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Is progression-free survival a more relevant endpoint than overall survival in first-line HR+/HER2− metastatic breast cancer?

Authors Forsythe A, Chandiwana D, Barth J, Thabane M, Baeck J, Shor A, Tremblay G

Received 16 January 2018

Accepted for publication 8 March 2018

Published 4 May 2018 Volume 2018:10 Pages 1015—1025

DOI https://doi.org/10.2147/CMAR.S162714

Checked for plagiarism Yes

Review by Single anonymous peer review

Peer reviewer comments 2

Editor who approved publication: Professor Harikrishna Nakshatri


Anna Forsythe,1 David Chandiwana,2 Janina Barth,3 Marroon Thabane,4 Johan Baeck,5 Anastasiya Shor,1 Gabriel Tremblay6

1Health Technology Assessment Evidence, Purple Squirrel Economics, New York, NY, USA; 2Global Value and Access, Novartis Pharmaceutical Corporation, East Hanover, NJ, USA; 3German Market Access, Novartis Pharma GmbH, Nuremberg, Germany; 4Health Policy and Patient Access, Novartis Pharmaceuticals Incorporated, Dorval, QC, Canada; 5Global Medical Affairs (Oncology Business Unit), Novartis Pharmaceutical Corporation, East Hanover, NJ, USA; 6Health Economics, Purple Squirrel Economics, New York, NY, USA

Background:
Hormone receptor-positive (HR+), human epidermal growth factor receptor 2- negative (HER2−), metastatic breast cancer (MBC) accounts for 73% of all MBCs. Endocrine therapy (ET) is the basis of first-line (1L) therapy for patients with HR+/HER2− MBC. Novel therapies have demonstrated improvements in progression-free survival (PFS) compared to ET. The clinical relevance of PFS is being debated, as there is no proven direct correlation with overall survival (OS) benefit to date. We reviewed studies of HR+/HER2− MBC to assess PFS and other factors that influence OS and treatment response, and health-related quality of life (HRQoL).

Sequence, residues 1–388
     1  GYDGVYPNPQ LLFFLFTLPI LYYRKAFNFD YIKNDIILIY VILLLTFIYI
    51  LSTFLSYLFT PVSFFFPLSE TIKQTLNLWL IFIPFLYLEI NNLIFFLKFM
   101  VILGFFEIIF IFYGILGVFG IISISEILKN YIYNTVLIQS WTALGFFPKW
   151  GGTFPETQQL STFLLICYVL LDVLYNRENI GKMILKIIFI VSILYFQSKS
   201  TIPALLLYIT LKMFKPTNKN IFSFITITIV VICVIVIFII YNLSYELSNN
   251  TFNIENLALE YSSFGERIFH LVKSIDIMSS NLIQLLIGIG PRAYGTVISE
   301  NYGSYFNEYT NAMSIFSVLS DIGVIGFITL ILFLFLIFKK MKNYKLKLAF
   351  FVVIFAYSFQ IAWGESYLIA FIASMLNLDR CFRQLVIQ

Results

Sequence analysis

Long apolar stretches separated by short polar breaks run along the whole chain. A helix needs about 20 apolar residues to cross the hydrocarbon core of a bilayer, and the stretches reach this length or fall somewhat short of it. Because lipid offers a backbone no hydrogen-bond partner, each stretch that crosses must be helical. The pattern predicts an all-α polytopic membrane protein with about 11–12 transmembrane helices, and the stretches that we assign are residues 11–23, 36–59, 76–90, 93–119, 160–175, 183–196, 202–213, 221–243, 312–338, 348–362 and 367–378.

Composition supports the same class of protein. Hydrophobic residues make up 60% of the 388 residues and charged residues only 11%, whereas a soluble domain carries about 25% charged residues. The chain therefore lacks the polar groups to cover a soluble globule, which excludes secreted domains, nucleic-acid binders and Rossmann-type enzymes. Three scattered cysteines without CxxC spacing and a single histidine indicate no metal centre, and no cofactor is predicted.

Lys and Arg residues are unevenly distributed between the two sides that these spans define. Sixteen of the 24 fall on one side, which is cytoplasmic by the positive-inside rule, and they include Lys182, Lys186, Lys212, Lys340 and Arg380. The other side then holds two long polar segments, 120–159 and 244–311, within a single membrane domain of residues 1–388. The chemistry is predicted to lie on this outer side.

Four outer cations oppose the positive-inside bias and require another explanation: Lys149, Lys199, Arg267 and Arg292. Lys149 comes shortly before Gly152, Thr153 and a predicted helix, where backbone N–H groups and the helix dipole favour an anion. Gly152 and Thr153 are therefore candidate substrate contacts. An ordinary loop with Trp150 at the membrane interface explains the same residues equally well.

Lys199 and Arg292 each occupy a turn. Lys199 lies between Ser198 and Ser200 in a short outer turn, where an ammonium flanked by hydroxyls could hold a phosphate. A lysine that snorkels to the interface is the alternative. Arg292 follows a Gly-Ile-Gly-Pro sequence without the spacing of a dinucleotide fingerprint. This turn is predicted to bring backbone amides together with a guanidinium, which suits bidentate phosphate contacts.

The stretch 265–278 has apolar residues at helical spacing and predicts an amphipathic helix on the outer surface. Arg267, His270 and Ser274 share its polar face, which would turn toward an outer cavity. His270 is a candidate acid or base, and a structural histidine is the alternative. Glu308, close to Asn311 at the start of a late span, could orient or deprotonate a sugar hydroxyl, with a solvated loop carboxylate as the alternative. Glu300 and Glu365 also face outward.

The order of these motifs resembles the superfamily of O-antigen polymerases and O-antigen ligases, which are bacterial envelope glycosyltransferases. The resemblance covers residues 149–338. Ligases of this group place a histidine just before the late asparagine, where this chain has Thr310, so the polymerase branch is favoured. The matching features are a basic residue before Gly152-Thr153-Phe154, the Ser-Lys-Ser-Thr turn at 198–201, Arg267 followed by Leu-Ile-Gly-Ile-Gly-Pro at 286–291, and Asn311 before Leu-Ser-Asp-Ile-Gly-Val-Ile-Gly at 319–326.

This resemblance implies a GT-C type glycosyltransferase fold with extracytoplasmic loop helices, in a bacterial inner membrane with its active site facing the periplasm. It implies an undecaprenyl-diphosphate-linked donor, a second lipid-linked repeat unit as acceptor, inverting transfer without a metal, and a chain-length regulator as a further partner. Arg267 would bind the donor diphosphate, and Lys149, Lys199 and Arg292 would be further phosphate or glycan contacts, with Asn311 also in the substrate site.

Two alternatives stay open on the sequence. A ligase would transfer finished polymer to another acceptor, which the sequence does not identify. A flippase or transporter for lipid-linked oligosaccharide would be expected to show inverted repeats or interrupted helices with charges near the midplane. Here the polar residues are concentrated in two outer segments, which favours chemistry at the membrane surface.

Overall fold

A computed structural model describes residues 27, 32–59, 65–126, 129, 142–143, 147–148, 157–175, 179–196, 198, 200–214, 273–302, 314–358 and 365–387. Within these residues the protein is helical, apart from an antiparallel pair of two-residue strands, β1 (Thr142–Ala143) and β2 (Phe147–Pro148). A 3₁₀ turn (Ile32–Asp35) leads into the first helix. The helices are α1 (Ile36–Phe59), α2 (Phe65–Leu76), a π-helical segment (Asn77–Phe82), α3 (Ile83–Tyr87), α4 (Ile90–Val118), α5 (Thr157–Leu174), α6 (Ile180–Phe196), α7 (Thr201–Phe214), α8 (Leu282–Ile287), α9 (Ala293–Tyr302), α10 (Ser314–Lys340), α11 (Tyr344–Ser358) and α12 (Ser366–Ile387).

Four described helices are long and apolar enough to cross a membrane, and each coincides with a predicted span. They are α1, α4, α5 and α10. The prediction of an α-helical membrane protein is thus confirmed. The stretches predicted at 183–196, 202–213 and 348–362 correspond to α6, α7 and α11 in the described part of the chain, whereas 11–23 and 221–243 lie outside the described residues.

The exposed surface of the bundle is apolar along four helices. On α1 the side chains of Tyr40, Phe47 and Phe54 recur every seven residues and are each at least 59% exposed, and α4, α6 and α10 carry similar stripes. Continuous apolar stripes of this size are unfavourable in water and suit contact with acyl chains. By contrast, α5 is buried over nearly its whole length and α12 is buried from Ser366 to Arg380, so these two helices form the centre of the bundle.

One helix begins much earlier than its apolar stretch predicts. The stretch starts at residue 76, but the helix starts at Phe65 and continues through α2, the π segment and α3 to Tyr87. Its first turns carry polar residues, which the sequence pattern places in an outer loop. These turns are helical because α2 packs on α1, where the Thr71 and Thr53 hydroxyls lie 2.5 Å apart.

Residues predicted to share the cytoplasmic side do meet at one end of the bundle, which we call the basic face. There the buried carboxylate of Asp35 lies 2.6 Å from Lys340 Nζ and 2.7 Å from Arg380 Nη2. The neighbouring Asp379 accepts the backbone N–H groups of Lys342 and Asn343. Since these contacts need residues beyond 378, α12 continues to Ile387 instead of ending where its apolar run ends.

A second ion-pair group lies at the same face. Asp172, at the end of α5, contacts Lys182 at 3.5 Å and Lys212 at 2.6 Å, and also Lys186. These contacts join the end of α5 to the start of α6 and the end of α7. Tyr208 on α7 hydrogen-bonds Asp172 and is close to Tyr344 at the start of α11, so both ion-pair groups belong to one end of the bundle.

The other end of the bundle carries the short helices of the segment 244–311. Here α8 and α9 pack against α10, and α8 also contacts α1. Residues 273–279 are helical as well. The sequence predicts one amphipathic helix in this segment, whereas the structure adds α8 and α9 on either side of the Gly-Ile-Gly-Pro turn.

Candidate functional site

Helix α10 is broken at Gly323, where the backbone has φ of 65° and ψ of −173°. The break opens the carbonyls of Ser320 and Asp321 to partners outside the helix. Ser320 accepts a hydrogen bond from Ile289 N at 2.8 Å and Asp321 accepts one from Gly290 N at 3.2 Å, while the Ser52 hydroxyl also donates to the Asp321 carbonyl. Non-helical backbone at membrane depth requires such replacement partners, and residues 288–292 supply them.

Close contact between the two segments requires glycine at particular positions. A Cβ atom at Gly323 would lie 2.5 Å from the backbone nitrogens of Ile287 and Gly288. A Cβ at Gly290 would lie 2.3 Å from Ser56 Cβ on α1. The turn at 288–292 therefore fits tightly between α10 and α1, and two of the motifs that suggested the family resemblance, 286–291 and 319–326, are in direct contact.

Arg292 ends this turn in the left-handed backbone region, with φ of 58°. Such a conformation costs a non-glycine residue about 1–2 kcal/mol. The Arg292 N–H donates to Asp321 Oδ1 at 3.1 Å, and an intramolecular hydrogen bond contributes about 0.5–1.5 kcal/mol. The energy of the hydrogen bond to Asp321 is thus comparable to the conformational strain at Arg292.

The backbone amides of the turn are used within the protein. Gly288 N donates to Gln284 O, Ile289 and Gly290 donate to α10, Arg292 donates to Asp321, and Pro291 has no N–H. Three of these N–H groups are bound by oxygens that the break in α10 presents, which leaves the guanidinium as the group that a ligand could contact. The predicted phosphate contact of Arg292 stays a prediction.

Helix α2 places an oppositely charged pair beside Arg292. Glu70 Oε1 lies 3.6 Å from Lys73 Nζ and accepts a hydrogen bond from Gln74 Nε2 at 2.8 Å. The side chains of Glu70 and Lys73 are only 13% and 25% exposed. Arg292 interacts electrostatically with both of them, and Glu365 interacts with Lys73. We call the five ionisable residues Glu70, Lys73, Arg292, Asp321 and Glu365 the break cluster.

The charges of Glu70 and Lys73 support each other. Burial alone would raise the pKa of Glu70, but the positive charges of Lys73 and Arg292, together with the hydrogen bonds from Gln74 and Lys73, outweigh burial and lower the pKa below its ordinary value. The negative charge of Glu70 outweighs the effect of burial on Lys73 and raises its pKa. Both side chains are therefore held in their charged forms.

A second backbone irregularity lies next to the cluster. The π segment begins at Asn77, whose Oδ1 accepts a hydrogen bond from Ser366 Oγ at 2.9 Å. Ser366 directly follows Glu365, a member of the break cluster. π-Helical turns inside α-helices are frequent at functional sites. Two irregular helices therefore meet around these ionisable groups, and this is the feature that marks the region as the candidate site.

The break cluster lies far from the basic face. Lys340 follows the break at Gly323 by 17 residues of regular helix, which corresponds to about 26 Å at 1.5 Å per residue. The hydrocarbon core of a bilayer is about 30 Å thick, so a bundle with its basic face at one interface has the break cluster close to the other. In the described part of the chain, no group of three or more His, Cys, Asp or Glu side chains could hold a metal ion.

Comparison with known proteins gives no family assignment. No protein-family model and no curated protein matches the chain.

Methods:
The Embase®, Medline®, and Cochrane databases were systematically searched to identify studies in adult women with HR+/HER2− MBC, published between January 2006 and January 2017, and written in English. Phase II and III randomized controlled trials (RCTs), observational, and retrospective studies were included.
Results: Seventy-nine RCTs were identified: 58 (73%) in the 1L+ setting and 21 (27%) in second-line or greater settings. PFS hazard ratios (HRs) were reported in 61 (77%) studies; 31 (39%) reported significant PFS improvements. OS was reported in 44 (41%) studies; 12 (15%) reported significant OS improvements. Significant improvements in both PFS and OS were reported in only 6 (8%) studies (1 Phase II; 5 Phase III). Patients with HER2− MBC received, on average, ≥5 lines of therapy, with no consistent treatment pathway. Baseline characteristics, prior therapies, and the type and number of post-progression therapies significantly impacted OS. PFS, response rates, and HRQoL decreased with each line of therapy (EuroQol 5 Dimensions: 0.78 1L vs. 0.70 post-progression).
Conclusion: Few RCTs in HR+/HER2− MBC have demonstrated significant improvements in OS. Factors other than choice of 1L therapy impact OS, including post-progression therapies, which cannot be controlled in RCTs. This study emphasizes the importance of PFS improvement in 1L treatment of HR+/HER2− MBC.

Keywords:
breast cancer, overall survival, progression-free survival, health-related quality of life, systematic literature review

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